Intermittent fasting is a method of restricting calories that has gained quite a bit of popularity recently for its effects on weight loss, but this weight loss strategy also yields some incredible health benefits! In fact, restricting calories has proven to be the only environmental variable to show a decrease in the rate of aging and increase the average maximum lifespan.
Improved Resistance to Stress
The general thought behind the benefits of intermittent fasting is the overall reduction in energy intake (food/calories) produces far fewer free radicals in cells, which creates less oxidative damage to the cells. This reduced oxidative stress allows for less damage to proteins, lipids and DNA in the body which has actually been shown to prolong life and improve immune function. Studies have shown that populations that follow an intermittent fasting diet for sustained periods of time have an increased resistance of cells to injury in many different tissues.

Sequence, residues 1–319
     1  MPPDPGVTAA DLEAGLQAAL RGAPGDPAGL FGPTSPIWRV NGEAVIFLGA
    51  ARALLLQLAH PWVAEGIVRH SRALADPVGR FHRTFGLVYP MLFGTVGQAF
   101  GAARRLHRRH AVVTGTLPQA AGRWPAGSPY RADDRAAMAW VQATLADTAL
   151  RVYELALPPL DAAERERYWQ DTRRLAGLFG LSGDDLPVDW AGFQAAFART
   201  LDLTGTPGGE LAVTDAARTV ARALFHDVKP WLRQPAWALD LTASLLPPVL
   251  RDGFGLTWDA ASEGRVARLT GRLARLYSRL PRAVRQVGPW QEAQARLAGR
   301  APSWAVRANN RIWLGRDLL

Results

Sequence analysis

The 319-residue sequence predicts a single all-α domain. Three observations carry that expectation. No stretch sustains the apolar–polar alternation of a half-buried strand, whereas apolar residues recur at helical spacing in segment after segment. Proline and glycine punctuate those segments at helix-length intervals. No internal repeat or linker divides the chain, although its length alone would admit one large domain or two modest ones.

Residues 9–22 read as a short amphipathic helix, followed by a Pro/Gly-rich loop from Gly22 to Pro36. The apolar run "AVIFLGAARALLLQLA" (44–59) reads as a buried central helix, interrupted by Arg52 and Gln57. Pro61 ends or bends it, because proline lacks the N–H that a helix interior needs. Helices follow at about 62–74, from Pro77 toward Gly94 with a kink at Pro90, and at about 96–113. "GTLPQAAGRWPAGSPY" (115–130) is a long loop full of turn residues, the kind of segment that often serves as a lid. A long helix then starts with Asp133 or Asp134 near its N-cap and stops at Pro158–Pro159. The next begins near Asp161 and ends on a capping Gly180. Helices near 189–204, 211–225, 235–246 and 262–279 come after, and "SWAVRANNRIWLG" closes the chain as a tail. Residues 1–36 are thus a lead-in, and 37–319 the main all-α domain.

Increased insulin sensitivity
Intermittent fasting has been shown to increase a persons’ sensitivity to insulin. Insulin resistance is a leading factor for Type II Diabetes.
Improved memory and learning processes
Intermittent fasting has been proven to not only help with learning and memory, but also increases the resistance of these neurons to help preserve and protect these parts of the brain from dementia.
Studies have shown many cardiovascular benefits with intermittent fasting which include a lower resting heart rate, lower blood pressure, better cholesterol levels, and reduced inflammatory processes that likely contribute to cardiovascular disease and stroke.
1. Anson, R. Michael, et al. "Intermittent fasting dissociates beneficial effects of dietary restriction on glucose metabolism and neuronal resistance to injury from calorie intake." Proceedings of the National Academy of Sciences 100.10 (2003): 6216-6220.
2. Mattson, Mark P., and Ruiqian Wan. "Beneficial effects of intermittent fasting and caloric restriction on the cardiovascular and cerebrovascular systems." The Journal of nutritional biochemistry 16.3 (2005): 129-137.